• Introduction

    In 2011, the world’s population will surpass 7 billion. While the rate of population growth has slowed in most parts of the world, it still increases by nearly 80 million people every year - the equivalent of adding another U.S. to the world every four years. The number of people on the planet has doubled since 1960, and demographers predict a world population of 9 billion by 2043. (http://www.populationaction.org/Topics/7_Billion/Index.php accessed 27.10.11). However, this figure is based on questionable assumptions about falling fertility rates and the availability of contraception. Nearly half the world’s population - some 3 billion people - is under the age of 25 and entering their childbearing years. Their childbearing choices, and the information and services available to them, will determine how human population growth will look by mid-century. Most countries in the developing world have high fertility rates and are getting younger; some developed countries have low fertility rates and are aging.

    A common argument is that the earth simply cannot sustain 7 billion people. The issue however is complex and is less about the total number, but about how much they consume and where they are concentrated. In monetary terms, most consumption occurs in industrialized nations and globally the worlds richest 20% of people account for 80-90% of total private consumption expenditure. In 2004 the United States accounted for 4.6% of the world's population and 33% of global consumption (http://earthtrends.wri.org/updates/node/236 accessed 12.10.11). Consumption in developing countries is also increasing at a fast pace, particularly in rapidly industrializing economies such as China and India. Refer to the threat section on global resource demand for more information.

    The relationship between biodiversity and human population growth is complex and human interactions with the environment are heavily influenced by economics and culture (Cohen, 1997). For example, when human population growth is high but the Human Development Index (HDI is a measure of development calculated by UNDP on life expectancy, literacy, education and standards of living worldwide) is low, there is a high rate of deforestation, whereas when HDI is high, rate of deforestation has been found to be low despite high population growth (Jha & Bawa, 2006). Surprisingly, high levels of total species number have been found to coincide with high numbers of people (Gaston, 2005), and there is substantially higher human population growth in biodiversity hotspots than other parts of the world (Cincotta et al., 2001). Explanations for this congruence include energy availability and elevation (Luck, 1997), and whilst with appropriate management it may offer an opportunity to facilitate interactions between people and nature, it is also a threat to species conservation (Luck, 1997).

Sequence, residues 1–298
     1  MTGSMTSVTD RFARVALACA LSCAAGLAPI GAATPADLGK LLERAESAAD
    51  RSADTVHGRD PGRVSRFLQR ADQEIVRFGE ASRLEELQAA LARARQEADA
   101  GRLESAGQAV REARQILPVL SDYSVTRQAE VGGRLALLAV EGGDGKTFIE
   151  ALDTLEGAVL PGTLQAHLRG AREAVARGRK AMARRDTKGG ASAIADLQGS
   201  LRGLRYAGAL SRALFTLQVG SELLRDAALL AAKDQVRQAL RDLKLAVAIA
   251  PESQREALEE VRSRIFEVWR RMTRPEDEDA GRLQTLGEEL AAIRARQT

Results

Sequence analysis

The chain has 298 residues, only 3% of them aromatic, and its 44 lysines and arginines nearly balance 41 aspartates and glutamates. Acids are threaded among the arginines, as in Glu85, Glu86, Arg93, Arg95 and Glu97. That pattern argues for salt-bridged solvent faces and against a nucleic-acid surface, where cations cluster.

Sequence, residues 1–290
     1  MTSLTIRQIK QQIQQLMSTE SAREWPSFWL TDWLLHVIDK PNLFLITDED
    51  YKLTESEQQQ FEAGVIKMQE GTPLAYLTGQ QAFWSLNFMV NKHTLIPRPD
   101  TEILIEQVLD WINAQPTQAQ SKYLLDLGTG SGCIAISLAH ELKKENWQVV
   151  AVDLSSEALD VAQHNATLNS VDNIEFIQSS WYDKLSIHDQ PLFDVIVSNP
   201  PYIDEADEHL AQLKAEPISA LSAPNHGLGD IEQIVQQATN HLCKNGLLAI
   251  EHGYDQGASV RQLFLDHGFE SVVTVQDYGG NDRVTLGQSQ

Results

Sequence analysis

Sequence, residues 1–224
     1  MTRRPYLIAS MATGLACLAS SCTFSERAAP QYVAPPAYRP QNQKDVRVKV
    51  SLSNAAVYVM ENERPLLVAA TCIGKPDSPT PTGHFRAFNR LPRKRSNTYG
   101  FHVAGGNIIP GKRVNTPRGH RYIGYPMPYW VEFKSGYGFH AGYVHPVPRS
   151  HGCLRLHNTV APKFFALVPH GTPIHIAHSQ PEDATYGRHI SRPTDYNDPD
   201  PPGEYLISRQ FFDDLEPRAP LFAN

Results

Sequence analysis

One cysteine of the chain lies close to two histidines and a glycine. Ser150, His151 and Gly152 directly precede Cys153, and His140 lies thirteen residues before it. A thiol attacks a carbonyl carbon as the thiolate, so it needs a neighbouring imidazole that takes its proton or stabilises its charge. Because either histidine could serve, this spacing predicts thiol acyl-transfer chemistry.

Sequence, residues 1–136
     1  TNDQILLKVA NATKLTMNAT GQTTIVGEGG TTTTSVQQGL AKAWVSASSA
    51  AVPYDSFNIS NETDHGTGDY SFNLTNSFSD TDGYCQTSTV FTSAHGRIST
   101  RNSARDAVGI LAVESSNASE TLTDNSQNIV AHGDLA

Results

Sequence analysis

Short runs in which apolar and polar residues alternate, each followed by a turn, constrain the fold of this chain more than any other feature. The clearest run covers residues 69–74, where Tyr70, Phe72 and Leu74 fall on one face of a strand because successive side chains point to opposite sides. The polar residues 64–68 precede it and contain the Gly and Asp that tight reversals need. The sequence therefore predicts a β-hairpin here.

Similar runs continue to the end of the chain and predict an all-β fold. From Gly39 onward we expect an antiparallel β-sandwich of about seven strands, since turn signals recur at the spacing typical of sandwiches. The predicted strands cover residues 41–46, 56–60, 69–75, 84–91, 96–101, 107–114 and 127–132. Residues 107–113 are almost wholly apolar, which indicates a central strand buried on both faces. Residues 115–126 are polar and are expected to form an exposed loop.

Human population growth and high density can result in increasing land transformation and influence biodiversity status, and species sensitive anthropogenic change may be lost or decline in abundance. The number of threatened species is predicted to increase on the basis of human population growth alone (McKee et al., 2003). The size of protected areas decreases as human population density increases (Luck, 2007). Average population growth on the borders of protected areas is nearly double the average rural population growth meaning that they attract rather than repel human settlement for the economic opportunities (real or perceived) they provide. Whilst this highlights the value of protected areas for local people, it also highlights a looming threat to protected area effectiveness and biodiversity conservation (Wittemyer et al., 2008).

    Furthermore, research has shown that demographics can have a significant impact on countries’ stability, governance, economic development and the well-being of its people. Countries that lack the means to provide for basic needs of their people face greater risk of instability and conflict. When limited access to family planning contributes to high fertility, it creates a high percentage of young people with fewer economic opportunities. While there is not a direct causal relationship between age structure and conflict, eighty percent of all outbreaks of civil conflict between 1970 and 1999 occurred in countries in which at least 60 percent of the population was under the age of 30 (PPI, 2011). Most countries in the developing world have high fertility rates and are getting younger; some developed countries have low fertility rates and are aging. Since 1946 all great ape range states (except Tanzania) have experienced internal conflicts, lasting years and in some cases decades. Refer to the threat section on war for more information.

  • How important is this threat compared to others?

  • Why is it a threat to great apes?

  • Is human population growth dangerous for all species in the same way?

Compiled and edited 2011 by Kay H. Farmer
Reviewed by Hjalmar Kuehl, Josephine Head and Neba Funwi-Gabga

  • References